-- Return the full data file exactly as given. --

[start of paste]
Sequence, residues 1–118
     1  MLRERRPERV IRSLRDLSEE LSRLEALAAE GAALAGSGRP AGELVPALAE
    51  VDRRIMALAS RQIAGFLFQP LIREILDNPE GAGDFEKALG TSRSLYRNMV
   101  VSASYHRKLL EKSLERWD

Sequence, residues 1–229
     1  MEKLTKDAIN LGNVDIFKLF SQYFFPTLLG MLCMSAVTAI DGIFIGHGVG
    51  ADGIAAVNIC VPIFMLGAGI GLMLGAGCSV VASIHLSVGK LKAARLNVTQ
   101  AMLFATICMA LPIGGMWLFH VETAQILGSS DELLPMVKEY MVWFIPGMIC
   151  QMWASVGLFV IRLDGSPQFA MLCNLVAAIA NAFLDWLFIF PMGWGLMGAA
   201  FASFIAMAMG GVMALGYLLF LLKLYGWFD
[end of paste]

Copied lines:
Sequence, residues 1–118
     1  MLRERRPERV IRSLRDLSEE LSRLEALAAE GAALAGSGRP AGELVPALAE
    51  VDRRIMALAS RQIAGFLFQP LIREILDNPE GAGDFEKALG TSRSLYRNMV
   101  VSASYHRKLL EKSLERWD

Sequence, residues 1–229
     1  MEKLTKDAIN LGNVDIFKLF SQYFFPTLLG MLCMSAVTAI DGIFIGHGVG
    51  ADGIAAVNIC VPIFMLGAGI GLMLGAGCSV VASIHLSVGK LKAARLNVTQ
   101  AMLFATICMA LPIGGMWLFH VETAQILGSS DELLPMVKEY MVWFIPGMIC
   151  QMWASVGLFV IRLDGSPQFA MLCNLVAAIA NAFLDWLFIF PMGWGLMGAA
   201  FASFIAMAMG GVMALGYLLF LLKLYGWFD